Many parents restrict their bedwetting child from consuming liquid before bedtime. This restriction seems to make sense. If fluid consumption is limited, urine production will be slower, and the child will be able to stay dry. Such an assumption is a mistake, however, since it accustoms the bladder to function only under a low volume of urine.
We know that higher fluid consumption before bedtime will increase bedwetting among bedwetters, but the interesting question is determining what will happen if children who are not bedwetters consume a large amount of fluid before going to bed.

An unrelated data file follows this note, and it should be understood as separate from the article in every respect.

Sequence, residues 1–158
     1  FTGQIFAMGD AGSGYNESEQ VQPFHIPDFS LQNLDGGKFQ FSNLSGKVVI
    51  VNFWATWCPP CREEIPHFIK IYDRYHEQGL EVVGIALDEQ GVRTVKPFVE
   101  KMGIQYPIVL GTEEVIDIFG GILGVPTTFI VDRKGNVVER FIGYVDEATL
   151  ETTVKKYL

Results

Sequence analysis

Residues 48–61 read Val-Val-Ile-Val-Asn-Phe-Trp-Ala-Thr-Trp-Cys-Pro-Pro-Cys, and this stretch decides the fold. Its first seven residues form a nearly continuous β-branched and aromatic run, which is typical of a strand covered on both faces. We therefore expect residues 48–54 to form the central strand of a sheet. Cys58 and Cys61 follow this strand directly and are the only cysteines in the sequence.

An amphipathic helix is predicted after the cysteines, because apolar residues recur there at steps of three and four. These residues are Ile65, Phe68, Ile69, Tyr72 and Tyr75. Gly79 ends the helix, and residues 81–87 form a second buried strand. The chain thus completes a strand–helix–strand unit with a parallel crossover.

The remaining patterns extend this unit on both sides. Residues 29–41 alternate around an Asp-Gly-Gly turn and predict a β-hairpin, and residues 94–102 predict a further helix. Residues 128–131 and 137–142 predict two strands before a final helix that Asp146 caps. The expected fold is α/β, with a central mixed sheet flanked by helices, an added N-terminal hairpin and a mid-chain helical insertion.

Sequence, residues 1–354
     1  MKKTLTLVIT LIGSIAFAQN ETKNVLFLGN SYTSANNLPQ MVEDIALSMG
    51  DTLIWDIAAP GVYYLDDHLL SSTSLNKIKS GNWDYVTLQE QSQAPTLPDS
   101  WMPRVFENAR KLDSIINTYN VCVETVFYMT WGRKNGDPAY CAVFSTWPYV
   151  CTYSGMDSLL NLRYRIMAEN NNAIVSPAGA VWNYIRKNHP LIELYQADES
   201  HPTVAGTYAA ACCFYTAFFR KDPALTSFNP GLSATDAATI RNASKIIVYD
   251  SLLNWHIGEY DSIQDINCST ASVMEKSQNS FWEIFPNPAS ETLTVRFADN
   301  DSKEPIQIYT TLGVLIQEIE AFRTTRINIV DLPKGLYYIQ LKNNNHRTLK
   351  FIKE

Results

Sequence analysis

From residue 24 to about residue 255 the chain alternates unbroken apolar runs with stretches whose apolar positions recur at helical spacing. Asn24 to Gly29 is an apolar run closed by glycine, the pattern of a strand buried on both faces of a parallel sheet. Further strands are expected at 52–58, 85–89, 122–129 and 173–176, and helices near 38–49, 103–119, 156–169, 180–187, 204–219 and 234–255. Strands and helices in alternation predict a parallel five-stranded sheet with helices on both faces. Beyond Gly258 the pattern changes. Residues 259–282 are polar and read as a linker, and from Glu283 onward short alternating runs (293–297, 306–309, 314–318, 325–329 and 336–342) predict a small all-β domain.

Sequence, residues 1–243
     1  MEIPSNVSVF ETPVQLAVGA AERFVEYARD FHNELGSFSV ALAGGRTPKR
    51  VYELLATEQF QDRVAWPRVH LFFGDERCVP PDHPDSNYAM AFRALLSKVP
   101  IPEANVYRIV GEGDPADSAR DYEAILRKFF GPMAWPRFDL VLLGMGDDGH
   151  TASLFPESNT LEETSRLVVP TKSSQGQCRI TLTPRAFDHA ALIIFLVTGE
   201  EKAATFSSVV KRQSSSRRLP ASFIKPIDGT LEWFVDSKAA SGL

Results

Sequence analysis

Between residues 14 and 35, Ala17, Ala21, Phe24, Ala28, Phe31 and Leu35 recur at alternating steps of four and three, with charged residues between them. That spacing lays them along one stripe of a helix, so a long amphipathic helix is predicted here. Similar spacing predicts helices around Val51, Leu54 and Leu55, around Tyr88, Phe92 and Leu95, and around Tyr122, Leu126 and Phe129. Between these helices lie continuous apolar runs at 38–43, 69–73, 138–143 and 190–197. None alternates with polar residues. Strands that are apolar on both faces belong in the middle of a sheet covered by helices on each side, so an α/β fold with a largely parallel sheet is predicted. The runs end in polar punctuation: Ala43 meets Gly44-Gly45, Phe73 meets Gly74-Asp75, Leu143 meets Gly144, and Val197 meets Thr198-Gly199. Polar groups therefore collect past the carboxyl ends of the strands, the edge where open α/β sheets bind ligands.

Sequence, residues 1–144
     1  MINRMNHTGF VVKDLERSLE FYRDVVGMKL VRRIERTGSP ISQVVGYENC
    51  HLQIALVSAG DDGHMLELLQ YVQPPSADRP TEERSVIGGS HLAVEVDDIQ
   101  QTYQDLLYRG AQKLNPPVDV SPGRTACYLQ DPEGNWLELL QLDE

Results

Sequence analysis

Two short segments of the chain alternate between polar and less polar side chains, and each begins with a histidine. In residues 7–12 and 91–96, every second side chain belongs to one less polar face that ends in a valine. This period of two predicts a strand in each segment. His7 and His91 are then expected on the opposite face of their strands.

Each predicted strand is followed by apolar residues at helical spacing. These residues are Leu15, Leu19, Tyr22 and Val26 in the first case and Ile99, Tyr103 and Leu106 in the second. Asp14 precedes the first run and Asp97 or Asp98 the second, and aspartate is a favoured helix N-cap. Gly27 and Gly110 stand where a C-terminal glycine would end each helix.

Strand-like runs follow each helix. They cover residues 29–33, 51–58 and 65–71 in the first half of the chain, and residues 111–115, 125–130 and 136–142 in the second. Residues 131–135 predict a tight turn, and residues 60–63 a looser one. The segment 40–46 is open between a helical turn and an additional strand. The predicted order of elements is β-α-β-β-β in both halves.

In Italy in 1972, professors Raul DiPerry and Dr. Mario Medurri conducted interesting research. They proved that filling an artificial bladder during sleep caused non-bedwetters to wake up to empty their bladder in the bathroom because of the intra pressure in the bladder. On the other hand, it also caused the bedwetters to activate the urination reflex and wet their bed while they were asleep.
This finding proves that the cause for bedwetting is related to the arousal mechanism.